In a 1958 interview for Downbeat Magazine, New Orleans' Mahalia Jackson told writer Studs Terkel, “We shouldn’t forget our roots, our history.” Jackson, one of the most significant artists in twentieth-century American culture and music, couldn't have been more accurate. It is the history of New Orleans, which involves cultural, intellectual, architectural, and sociological innovations, that has influenced both the historical narrative and current developments of life in the U.S. And the Hogan Jazz Archive, housed within Tulane University’s Special Collections, helps to tell these important stories to students, community members, and researchers around the world. The Hogan is a leading resource in the study of New Orleans music, its musicians, practitioners, and participants, and has been since its founding in 1958 as the Archive of New Orleans Jazz. Through the stories contained within its collections, users gain a greater understanding of New Orleans’ contributions and its global implications.
Archives maintain and make accessible rare, non-circulating items, including correspondence, photographs, sound, moving image materials, business papers, and more. These records are important because the objects and information contained within preserve and share histories of people, places, and events.
Most recently, as curator of the Hogan Jazz Archive, I’ve been thrilled to serve as a project manager for two major grant awards that Tulane University Special Collections recently received from the GRAMMY Museum Grant Program and the Council on Library and Information Resources (CLIR). These awards will support the digitizing and accessibility efforts of collections that will interest scholars of U.S. political science, women’s studies, African American history and cultural studies, media and communications, musicology, and New Orleans history, among other disciplines.
Through generous support from the GRAMMY Museum Grant Program, Tulane University Special Collections is preserving and digitizing 25 recordings from the collection of New Orleans broadcast pioneer Vernon Winslow, popularly known as Dr. Daddy-O. Winslow, credited as the first Black radio disc jockey to host his own full-length radio show in New Orleans, began his on-air career in 1949 when Jax Brewery embraced his style and scripts for the “Jivin’ with Jax” show. The 78 rpm and 33 1/3 rpm acetates selected for digitization include material used in broadcasts aired between 1949 and 1958, including live remotes; personalized promo announcements for New Orleans bars, music clubs, and the renowned J&M Recording Studio; and interviews with legendary artists such as Roy Brown, Duke Ellington, Avery “Kid” Howard, and Little Esther Phillips. Once digitized, the recordings will be accessible to the public online through Tulane’s Digital Library.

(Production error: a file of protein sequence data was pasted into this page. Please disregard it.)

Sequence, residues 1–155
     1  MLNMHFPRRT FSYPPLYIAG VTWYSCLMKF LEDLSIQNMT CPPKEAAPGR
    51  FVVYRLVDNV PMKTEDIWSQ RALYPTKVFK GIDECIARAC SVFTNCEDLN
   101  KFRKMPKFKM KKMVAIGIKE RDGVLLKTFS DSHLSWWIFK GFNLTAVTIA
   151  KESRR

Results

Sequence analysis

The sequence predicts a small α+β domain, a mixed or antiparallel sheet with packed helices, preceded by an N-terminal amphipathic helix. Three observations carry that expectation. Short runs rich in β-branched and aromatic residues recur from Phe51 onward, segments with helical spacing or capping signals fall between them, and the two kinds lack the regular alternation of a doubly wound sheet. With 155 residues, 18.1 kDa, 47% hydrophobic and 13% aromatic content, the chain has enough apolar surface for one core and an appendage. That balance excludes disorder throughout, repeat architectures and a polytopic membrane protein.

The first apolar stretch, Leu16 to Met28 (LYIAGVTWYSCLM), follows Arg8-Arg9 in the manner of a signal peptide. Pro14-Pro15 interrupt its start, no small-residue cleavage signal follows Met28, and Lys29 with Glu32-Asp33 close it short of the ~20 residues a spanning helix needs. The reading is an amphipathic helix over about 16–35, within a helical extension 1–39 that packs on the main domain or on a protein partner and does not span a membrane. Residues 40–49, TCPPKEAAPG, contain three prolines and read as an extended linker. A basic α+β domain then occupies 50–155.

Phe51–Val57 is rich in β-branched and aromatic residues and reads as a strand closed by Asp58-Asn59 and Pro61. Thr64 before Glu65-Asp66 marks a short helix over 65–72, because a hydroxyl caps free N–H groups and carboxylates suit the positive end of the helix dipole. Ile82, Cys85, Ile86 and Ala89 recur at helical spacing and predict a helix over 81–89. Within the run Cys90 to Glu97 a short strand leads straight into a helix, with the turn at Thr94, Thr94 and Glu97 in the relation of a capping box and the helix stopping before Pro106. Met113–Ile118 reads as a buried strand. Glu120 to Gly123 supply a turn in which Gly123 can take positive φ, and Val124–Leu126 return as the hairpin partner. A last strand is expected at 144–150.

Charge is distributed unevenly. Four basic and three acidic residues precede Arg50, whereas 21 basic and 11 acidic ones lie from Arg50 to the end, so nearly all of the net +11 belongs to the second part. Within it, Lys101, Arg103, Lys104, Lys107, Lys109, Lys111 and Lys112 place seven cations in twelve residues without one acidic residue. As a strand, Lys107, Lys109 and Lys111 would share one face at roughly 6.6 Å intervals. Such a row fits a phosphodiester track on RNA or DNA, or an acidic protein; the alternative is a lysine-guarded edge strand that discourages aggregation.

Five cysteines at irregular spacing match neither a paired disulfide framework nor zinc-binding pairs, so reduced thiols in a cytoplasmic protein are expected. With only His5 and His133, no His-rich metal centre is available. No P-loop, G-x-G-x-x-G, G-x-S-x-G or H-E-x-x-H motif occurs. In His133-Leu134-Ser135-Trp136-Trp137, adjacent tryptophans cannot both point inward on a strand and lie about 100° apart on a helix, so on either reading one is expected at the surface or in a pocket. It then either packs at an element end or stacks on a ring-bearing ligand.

In addition to the GRAMMY Museum grant, CLIR awarded Tulane University Special Collections a Recordings at Risk Grant to support “Tell the Real Story of Me: Mahalia Jackson and Black Gospel Quartets in the South” in 2019. The project will preserve and give access to original recorded interviews with Jackson, not only heralded internationally as “The Queen of Gospel,” but also recognized as a Civil Rights Movement activist and an influential figure in Black American culture. Interviews conducted from 1967-1974 by Jackson’s biographer Laurraine Goreau also include primary accounts of Jackson by entertainers Ella Fitzgerald, John Hammond, Della Reese, and Dinah Shore; Southern Christian Leadership Conference (SCLC) co-founder Reverend Ralph Abernathy; television host Ed Sullivan; gospel stars J. Robert Bradley, Thomas A. Dorsey, Sallie Martin, and Albertina Walker; and Pulitzer Prize-winning author Studs Turkel, among other influential figures.
The CLIR grant award will also help to preserve and provide access to interviews with Black gospel quartet singers and practitioners, serving as an oral history of the regional Black gospel quartet music scene that both predated and assisted Jackson’s international success. In interviews conducted from 1981-1986 by scholar and Tulane University Special Collections library associate Lynn Abbott, gospel performers like Mary Thames Coleman, Reverend Paul Exkano, and Bessie Griffin; local blues and rhythm & blues heroes such as Chuck Carbo and Snooks Eaglin; and other obscure and familiar artists explain the development of Black gospel quartets in New Orleans.
These two oral history digitization projects, in addition to all future Tulane University Special Collections initiatives, will continue the mission to not only document and tell stories about our history via archives but also to make collections accessible to all. Through these collections, researchers can discover alternative perspectives, overlooked stories, and new multidisciplinary approaches to reviewing and learning the people, places, and culture of New Orleans and the surrounding region. And, as a result, never forgetting our history.